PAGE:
- the ability to work well with others
- to be thorough and pay attention to detail
- administration skills
- patience and the ability to remain calm in stressful situations
- the ability to accept criticism and work well under pressure
- sensitivity and understanding
- customer service skills
- excellent verbal communication skills
- knowledge of English language
- to be able to carry out basic tasks on a computer or hand-held device
Your day-to-day tasks may include:
- greeting visitors and directing them to the correct person or department
- managing the visitors book and giving out security passes
- answering enquiries in person, by phone and email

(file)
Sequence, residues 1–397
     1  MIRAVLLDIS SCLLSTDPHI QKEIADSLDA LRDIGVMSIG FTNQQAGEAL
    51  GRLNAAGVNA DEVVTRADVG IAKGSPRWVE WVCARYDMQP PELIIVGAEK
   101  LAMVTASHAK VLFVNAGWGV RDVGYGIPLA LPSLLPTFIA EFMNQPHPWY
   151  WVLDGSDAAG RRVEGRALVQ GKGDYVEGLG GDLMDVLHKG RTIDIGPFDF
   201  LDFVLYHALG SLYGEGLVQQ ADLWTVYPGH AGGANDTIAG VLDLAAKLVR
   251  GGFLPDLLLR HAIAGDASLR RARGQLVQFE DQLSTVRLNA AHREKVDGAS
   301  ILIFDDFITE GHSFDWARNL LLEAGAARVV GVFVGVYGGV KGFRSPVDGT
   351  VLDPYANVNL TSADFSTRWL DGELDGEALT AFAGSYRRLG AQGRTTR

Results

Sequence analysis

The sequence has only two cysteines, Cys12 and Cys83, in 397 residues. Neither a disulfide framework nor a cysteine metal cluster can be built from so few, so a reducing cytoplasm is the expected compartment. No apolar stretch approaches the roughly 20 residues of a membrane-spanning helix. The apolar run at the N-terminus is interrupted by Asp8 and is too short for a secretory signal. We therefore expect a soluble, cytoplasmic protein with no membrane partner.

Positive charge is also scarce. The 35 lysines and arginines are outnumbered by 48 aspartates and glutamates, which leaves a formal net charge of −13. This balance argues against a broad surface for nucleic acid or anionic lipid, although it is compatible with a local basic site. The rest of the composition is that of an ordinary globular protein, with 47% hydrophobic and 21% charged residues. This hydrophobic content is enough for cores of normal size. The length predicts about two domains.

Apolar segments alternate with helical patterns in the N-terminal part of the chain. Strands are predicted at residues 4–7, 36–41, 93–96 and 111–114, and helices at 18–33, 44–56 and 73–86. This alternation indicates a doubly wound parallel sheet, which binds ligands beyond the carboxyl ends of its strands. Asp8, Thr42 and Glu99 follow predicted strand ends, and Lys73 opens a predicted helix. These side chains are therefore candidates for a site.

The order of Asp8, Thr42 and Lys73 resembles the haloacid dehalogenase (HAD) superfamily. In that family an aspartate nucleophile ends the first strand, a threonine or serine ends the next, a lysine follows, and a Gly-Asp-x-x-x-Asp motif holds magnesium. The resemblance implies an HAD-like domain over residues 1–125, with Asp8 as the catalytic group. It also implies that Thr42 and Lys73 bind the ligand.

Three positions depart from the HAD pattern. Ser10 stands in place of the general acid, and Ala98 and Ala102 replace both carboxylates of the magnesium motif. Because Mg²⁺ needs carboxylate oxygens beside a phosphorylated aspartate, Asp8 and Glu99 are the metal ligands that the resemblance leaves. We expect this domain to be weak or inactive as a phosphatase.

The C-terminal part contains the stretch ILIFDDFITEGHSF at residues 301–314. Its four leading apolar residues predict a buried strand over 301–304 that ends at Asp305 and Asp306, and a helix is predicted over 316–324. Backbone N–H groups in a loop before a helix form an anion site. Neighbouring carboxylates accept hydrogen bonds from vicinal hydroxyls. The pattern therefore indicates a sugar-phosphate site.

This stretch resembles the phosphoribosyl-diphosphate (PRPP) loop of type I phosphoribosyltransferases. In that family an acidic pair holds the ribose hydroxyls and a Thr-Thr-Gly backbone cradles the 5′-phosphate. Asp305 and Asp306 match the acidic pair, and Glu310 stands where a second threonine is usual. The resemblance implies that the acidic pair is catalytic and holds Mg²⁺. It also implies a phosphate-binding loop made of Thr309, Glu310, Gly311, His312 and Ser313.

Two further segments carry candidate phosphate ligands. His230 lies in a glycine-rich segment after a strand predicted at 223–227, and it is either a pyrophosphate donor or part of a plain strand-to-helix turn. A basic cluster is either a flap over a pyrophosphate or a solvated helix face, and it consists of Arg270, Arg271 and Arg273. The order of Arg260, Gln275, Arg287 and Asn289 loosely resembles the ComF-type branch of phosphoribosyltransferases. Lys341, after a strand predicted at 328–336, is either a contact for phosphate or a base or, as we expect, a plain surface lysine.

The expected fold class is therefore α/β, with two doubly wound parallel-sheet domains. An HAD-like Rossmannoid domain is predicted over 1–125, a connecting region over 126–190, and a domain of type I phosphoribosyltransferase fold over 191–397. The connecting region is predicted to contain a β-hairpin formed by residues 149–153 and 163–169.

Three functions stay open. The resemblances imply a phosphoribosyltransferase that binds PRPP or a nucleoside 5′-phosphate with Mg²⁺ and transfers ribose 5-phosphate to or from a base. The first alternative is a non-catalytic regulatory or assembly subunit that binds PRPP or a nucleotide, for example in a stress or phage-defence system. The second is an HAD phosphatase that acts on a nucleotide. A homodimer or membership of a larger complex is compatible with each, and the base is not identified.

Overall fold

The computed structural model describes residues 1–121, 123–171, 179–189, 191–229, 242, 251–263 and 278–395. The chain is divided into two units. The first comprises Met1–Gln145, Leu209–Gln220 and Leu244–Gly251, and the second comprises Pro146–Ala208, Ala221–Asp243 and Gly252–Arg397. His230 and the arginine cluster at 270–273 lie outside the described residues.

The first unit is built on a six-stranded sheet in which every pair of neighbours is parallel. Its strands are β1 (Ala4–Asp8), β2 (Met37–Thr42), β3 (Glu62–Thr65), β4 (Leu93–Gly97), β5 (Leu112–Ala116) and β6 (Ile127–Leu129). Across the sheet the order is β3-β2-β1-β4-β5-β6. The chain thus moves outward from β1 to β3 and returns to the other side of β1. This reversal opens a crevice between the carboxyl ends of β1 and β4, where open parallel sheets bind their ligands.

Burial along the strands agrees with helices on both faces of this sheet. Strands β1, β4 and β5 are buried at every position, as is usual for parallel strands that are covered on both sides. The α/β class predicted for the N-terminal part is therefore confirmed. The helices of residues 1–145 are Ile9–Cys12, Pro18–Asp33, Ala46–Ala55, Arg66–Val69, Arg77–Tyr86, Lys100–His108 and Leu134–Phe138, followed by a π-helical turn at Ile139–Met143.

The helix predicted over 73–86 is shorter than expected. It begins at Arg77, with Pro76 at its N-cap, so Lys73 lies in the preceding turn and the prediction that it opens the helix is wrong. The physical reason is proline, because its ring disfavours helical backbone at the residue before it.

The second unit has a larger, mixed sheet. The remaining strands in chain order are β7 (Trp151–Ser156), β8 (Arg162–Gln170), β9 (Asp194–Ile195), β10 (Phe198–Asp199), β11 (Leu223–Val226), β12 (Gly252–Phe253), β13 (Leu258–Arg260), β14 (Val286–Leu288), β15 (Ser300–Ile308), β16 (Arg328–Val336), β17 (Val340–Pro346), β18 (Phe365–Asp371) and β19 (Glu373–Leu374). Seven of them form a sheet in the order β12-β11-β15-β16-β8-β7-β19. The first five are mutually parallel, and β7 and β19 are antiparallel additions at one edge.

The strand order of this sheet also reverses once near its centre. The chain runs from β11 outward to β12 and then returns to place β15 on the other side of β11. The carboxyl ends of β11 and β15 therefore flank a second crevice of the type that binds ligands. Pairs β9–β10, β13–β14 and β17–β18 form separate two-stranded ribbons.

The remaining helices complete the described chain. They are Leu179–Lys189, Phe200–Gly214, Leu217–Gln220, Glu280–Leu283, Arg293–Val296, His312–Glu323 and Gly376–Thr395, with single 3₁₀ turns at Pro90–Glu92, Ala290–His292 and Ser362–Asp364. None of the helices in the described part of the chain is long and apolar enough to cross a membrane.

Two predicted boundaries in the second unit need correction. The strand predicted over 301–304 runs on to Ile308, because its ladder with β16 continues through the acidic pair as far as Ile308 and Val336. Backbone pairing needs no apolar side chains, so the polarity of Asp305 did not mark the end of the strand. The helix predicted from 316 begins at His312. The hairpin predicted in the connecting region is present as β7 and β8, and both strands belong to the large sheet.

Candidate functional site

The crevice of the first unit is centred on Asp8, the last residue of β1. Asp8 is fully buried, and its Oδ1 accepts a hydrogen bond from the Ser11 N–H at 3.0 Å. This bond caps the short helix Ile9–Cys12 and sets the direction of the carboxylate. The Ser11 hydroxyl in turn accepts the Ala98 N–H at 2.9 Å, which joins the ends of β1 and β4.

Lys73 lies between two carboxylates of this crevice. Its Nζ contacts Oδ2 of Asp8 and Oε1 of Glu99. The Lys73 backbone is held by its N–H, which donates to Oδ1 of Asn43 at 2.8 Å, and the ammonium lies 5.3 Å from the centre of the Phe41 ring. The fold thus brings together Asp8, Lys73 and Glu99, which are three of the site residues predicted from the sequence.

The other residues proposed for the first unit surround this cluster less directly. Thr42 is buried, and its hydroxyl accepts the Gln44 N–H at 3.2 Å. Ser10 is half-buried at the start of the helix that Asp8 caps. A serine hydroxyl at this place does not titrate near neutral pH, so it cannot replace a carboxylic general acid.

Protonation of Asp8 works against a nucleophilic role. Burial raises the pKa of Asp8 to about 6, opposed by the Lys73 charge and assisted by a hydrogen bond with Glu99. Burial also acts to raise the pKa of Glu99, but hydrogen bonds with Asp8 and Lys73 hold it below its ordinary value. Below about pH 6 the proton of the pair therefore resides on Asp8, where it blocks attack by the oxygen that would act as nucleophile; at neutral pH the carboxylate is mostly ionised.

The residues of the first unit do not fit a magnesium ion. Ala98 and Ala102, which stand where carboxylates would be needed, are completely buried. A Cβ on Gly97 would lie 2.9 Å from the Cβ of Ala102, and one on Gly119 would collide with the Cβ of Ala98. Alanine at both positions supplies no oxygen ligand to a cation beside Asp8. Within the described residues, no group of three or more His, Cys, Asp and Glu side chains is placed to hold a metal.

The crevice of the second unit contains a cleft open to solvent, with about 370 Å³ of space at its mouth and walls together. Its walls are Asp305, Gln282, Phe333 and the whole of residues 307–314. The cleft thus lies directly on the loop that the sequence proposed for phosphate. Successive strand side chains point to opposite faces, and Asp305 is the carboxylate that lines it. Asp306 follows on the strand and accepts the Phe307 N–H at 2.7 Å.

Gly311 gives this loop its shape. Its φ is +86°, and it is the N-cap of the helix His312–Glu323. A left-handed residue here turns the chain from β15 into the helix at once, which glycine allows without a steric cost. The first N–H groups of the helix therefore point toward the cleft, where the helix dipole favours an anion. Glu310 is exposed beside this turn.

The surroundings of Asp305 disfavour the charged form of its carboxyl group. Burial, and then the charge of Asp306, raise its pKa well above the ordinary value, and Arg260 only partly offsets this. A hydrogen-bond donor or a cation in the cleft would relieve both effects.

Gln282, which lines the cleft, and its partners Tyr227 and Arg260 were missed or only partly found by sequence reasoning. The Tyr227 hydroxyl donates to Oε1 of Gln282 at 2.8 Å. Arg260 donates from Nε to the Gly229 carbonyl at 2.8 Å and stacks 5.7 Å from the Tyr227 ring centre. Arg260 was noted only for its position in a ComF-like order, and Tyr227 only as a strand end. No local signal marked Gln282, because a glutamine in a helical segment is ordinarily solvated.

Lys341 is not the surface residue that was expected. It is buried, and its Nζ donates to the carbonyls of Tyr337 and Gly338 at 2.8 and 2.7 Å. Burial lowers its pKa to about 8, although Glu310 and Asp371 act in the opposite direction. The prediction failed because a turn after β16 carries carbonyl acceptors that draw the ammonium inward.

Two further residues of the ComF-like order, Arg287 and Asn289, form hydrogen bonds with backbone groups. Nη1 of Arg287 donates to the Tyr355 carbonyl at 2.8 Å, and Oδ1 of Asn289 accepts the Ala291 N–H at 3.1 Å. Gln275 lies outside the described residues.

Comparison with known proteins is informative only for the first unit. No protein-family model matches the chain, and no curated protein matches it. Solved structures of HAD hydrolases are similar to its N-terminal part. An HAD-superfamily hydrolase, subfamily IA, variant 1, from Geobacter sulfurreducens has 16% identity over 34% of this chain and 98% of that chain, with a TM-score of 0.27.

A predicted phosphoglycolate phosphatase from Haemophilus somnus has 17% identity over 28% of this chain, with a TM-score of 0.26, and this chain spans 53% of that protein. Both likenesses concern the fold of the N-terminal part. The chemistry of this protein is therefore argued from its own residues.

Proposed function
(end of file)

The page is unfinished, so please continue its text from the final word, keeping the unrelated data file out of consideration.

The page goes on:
- managing a room booking system and keeping rooms tidy
- dealing with incoming and outgoing post and deliveries
- arranging appointments and updating records on databases
- taking payments and handling invoices
You could work in a reception area, in an NHS or private hospital, at a fitness centre, in an office or in a hotel.
With training and experience, you could move into a senior receptionist or personal assistant (PA) role.
In a GP surgery or health centre, you could train to become a medical secretary or a practice manager.
You can find out more about becoming a receptionist in hospitality from the Hospitality Guild.